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Container shipping demand bounce not quite what it seems

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LONDON : A sluggish last two years has been left behind according to consultancy MSI in its monthly liner shipping report for April, but the devil is in the detail as figures for early 2024 skewed by sluggish year-on-year comparisons.

According to MSI demand data for the first quarter of 2024 showed strong year-on-year growth “across the board” in both mainline and non-mainline trades, with MSI’s global throughput index rising to its highest level in three years, reaching 113.05 in February, which shows “a synchronised volume rebound around the world.”

Weak 2023 volumes on the Pacific westbound to the US west coast meant that growth in these trades was expected, however, the US West Coast bounce has been greater than anticipated said MSI.

“US imports from East Asia grew by an impressive 30.4% in February and 23.6% in 2M 24 [the first two months of this year]. Moreover, port data in March continued this strong performance,” said MSI, which said imports in nine of the top ten US ports increased collectively by 18.4% year-on-year. Vancouver and Prince Rupert volumes followed the same pattern with a 24.9% boost year-on-year.

In addition, MSI said that “resilient” consumer spending and low inventories, coupled with a rebound in the US housing market will drive further growth.

“We have now upgraded our forecast for this trade notably and expect full-year growth of 7.5% in 2024,” said MSI.

Xeneta chief analyst Peter Sand warned, however, that these figures were compared to weak volumes in early 2023 and an underlying overcapacity which is masked by the Red Sea crisis.

As a result, Sand said Xeneta believes global growth will be limited to around 2.5%-3% for this year.

“On the Pacific the trade fell two years in a row, including by 4.4% in 2023, so growth of 7.5% may not bring the Pacific eastbound trade back to 2021 levels,” explained Sand.

Asia to Europe trade growth has also seen a bounce, but with high growth rates in the second, third and fourth quarters of last year MSI expects that bounce to be nipped in the bud.

February this year saw 17.8% growth in European trade volumes, year-on-year, and 11.5% in the first two months but with “sluggish GDP and consumer spending growth” in western Europe MSI forecasts only a 4.2% growth in the Asia to Europe trades this year.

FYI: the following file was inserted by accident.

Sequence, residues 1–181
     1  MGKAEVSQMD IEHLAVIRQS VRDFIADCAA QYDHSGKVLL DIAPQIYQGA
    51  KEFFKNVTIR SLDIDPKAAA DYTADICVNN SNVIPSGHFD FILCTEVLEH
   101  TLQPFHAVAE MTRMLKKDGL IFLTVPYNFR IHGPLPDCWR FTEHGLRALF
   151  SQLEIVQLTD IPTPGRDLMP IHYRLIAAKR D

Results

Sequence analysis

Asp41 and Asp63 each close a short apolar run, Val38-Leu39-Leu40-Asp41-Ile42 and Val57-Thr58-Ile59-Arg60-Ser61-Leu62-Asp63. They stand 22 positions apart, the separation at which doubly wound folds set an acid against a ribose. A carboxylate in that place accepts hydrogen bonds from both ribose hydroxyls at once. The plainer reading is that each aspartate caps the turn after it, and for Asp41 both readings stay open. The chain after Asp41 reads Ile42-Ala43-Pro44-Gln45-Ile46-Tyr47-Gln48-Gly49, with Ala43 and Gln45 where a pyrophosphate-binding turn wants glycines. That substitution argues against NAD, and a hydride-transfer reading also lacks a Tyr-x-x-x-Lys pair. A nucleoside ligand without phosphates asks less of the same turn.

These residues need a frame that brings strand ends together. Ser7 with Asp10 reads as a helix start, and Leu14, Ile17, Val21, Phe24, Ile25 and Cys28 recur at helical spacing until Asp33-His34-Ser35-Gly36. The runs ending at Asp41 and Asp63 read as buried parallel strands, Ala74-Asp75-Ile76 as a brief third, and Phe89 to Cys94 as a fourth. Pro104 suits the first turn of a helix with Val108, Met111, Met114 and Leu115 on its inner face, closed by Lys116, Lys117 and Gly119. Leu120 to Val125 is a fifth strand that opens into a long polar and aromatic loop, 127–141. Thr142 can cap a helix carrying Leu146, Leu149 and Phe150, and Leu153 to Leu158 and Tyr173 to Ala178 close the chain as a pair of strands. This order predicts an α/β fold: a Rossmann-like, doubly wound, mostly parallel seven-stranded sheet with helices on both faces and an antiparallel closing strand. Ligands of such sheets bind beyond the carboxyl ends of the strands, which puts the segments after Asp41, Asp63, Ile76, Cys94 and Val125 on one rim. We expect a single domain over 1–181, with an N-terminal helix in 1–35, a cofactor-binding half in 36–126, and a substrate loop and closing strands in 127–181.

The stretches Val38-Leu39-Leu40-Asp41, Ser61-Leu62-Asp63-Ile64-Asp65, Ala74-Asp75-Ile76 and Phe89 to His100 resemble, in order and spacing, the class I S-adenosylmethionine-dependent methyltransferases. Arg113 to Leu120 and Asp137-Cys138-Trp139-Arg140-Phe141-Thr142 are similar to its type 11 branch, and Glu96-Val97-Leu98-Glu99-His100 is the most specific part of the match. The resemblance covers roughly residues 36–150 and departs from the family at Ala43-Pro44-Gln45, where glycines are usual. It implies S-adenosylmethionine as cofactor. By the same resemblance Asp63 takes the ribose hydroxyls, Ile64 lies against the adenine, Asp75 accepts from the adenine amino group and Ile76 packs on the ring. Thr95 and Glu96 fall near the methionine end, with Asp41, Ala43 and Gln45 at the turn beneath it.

Conversely, exports from Europe to the US appear to have turned around with the first growth in a year recorded in February, 7.0%, MSI forecasts a marginal growth in the Atlantic trade in the first quarter, but that his growth of around 5.5% will be sustained throughout the rest of 2024.

Intra-Asia volumes have also shown healthy increases of around 6.1% in Q4 last year and 6.5% in the Q1 this year and MSI expects these trades to continue to grow at a steady 5% for the rest of this year.

Exports out of Asia to Africa, Latin America, Oceania and the Middle East and Indian Subcontinent have also shown significant growth, 22-30%, in the first two months of this year compared to the same period of 2023.

“Although these trades are not expected to register the explosive growth rates of 2023, we still project healthy growth [of] between 6% and 9% in 2024,” claimed MSI.

Elevated rates in both the Asia to Europe and Pacific eastbound trades have seen a decrease, on the Pacific of 9.1% month-on-month according to Xeneta figures for 23 April this year, but remain 108% higher than rates seen in mid-December.

On the European trades rates had slipped 5.8% month-on-month, but remained 120% higher than Xeneta’s December levels.

Sand again cautioned against too much optimism from these figures with the underlying growth in capacity and the Red Sea and Gulf of Aden crisis bolstering statistics that are being compared to low 2023 figures in the first two months of 2023.

“The fact that we are not even talking about the EU ETS shows that it has been dwarfed by other factors,” said Sand, who added, “We are not going to see a full year [2024] that will continue in the same way as the first two months of this year.”

Sand also noted that the global volume figures from Container Trade Statistics (CTS) are not due until next week and will likely change the complexion of the market again.

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